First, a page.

Transferring template to vinyl Lay out the sheet of vinyl to be fitted in a convenient area and position the template accurately on lop of it. using pins or heavy weights to prevent any movement. When working with a patterned vinyl, you may have to adjust the template to make sure the pattern runs correctly in relation to the fittings. If using more than one sheet of fell paper, make sure the check marks align.

Check the compasses are still at the same radius and. keeping the point always on and at right-angles 10 the marked outline, follow the outline so the fell tip pen marks ihe flooring. Any squared-off pipes can now be traced back, using a straight-edge. the centre of the square located and an accurate circle drawn on the vinyl. Before removing the template, check again the compass setting has not altered and that the paper has not moved. Take off the template and cut out or trim the marked areas on the vinyl, which should then fit neatly around the fittings.

Fitting lengths

If the room is too large to be covered by a single sheet, you will have to adopt a different procedure. Measure the width of the room and cut a length of vinyl from the roll, allowing an extra 75mm. Tackle the area by the door first, since this is going to have the most wear and you should always allow a full width of vinyl around it. Lay the vinyl square to the door opening.

Using a square-cut wood block 125 x 75 x 25mm. with a felt tip pen on the side furthest from the wall, follow the contour of the wall on either side of the door and across the door opening to mark the outline on the vinyl. Mark on lines parallel to the door opening from the edge of the wall outlines already marked to ensure the vinyl tils snugly in the door opening and the edge is not visible when the door is closed. A shape-tracer is ideal for marking out the outline of an architrave to achieve a really neat finish. You can now cut along the marked lines on each side of the door. Place a straight-edge on the vinyl to be laid and cut along the outline- with a trimming knife, with the waste on the outside of the knife. You will find it easier to work if you pull the vinyl away from the wall.

Reposition the first length against the wall with the door and mark a guide line on the floor along the opposite edge. Place your block of wood centrally on this edge and mark lines at either end of the block on both the vinyl and the floor. It is important the length of the block is more than the surplus to be removed from that length of vinyl. Slide the vinyl the length of the block along the edge guide line so the marks transferred from either end of the block coincide. With the block positioned lengthways against the wall, mark a line onto the vinyl as you move the block along the wall. Trim oil’ the surplus with a straight-edge on the marked line. Reposition the’ vinyl along the guide line and check for fit.

This method ensures a perfect fit. since any irregularities or projections on the wall will be transferred onto the vinyl. Repeal for the opposite wall, sliding the vinyl the length of the block in the opposite direction.

To lay the second length of vinyl, overlap the trimming edges on both lengths and check the pattern aligns and matches exactly. Measure the size of one pattern repeat; the repeat dimension is marked from the wall to the edge of the vinyl to be cut. following the contour of the wall along the width of the vinyl. The surplus, which is never more than the measured dimension of the repeat, can then be trimmed oil’ in the usual way.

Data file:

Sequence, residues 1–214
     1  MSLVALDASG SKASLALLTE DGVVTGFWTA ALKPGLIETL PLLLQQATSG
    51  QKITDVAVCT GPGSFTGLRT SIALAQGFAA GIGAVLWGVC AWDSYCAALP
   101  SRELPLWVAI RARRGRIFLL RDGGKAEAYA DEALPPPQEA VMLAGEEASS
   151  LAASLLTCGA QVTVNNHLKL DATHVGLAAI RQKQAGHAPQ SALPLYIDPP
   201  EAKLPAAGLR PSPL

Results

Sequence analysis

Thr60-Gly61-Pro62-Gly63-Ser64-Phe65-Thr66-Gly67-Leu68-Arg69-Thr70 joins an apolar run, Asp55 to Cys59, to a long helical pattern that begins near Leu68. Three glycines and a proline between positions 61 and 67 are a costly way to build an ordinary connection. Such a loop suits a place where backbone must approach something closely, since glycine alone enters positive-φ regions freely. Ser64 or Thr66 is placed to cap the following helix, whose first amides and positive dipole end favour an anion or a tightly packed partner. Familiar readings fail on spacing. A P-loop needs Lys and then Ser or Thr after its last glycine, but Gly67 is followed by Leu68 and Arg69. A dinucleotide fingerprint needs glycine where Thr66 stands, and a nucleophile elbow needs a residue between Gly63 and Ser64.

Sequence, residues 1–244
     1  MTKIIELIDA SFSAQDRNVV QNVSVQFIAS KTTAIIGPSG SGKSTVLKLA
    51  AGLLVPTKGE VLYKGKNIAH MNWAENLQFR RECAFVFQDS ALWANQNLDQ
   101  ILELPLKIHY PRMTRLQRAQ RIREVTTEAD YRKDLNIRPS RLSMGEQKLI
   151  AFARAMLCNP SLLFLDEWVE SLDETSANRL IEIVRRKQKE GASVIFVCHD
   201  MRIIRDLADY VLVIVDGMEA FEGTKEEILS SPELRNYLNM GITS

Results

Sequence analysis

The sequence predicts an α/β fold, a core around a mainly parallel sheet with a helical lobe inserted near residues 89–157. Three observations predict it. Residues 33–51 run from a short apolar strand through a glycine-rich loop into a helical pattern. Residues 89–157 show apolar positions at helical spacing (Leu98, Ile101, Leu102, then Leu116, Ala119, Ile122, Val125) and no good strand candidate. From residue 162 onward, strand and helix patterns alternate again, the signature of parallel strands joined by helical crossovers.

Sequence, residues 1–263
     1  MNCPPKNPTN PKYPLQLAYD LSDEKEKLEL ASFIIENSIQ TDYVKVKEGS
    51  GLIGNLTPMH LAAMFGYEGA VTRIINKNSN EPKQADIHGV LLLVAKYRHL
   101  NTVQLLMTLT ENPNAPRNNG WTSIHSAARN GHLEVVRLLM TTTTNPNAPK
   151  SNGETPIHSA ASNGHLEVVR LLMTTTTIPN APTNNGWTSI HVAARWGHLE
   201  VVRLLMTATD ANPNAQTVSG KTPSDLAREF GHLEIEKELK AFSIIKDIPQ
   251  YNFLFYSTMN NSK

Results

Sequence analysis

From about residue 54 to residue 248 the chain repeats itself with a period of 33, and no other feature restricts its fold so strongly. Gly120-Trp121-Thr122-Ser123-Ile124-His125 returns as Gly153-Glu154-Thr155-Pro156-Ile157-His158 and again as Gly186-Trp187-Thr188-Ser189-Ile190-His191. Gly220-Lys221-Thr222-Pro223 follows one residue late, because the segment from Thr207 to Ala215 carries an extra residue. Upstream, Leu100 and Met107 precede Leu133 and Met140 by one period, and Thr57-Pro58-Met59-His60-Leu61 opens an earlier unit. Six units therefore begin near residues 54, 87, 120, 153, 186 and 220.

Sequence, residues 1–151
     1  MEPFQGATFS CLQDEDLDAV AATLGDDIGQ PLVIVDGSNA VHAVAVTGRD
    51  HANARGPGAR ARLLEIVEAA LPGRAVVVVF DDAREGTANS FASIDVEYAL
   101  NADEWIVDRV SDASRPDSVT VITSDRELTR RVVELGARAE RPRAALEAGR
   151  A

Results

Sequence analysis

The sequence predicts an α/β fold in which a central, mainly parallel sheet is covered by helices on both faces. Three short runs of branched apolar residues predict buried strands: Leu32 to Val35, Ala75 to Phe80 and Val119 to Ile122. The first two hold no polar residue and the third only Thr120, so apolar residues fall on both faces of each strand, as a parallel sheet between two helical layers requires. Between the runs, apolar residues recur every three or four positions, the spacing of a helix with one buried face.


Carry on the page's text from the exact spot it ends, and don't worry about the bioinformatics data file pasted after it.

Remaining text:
Before cutting along the overlapping lengths. spread a 50mm strip of vinyl adhesive at the ends of the vinyl sheets, stopping within 150mm of the join, to prevent the lengths of vinyl slipping out of position. Place an offcut of vinyl under the overlapping lengths to protect the blade of the knife as it cuts. Make a vertical cut along the overlap as near to the centre as possible – along the border if you have a tile pattern – through both sheets of vinyl. Remove the surplus vinyl and the lengths will lie neatly together.

When laying the final length of vinyl, position it against the wall opposite the door and then draw it away until the pattern matches the previous length on the overlap. Measure the width of one pattern repeat and mark a line the same measurement as the pattern width onto the edge of the vinyl, following the contours of the wall: trim off the excess as before. Slide the last length against the wall and trim the overlap as before. Where you cut the overlap will depend on whether you want to save any waste for use elsewhere.


Vinyl can be loose-laid when just one sheet is used to cover a small area, although you should still stick down the area around a door. When laying more than one length, you should always stick down the vinyl at the ends and along each seam with adhesive or double-sided adhesive tape – as recommended by the manufacturer. Some recommend sticking down the whole floor covering – and certainly the centre sheet if laying more than two sheets of vinyl – particularly when laying cushioned vinyl. Any shrinkage will be in the length of the vinyl. If you make sure you stick down the sheets at each end. you will overcome this problem since each length will be held securely.

When using adhesive, apply it to the floor with a notched spreader. Press the vinyl onto the adhesive and rub with a clean dampened cloth. Always wipe ofF excess adhesive immediately with a clean. dampened cloth.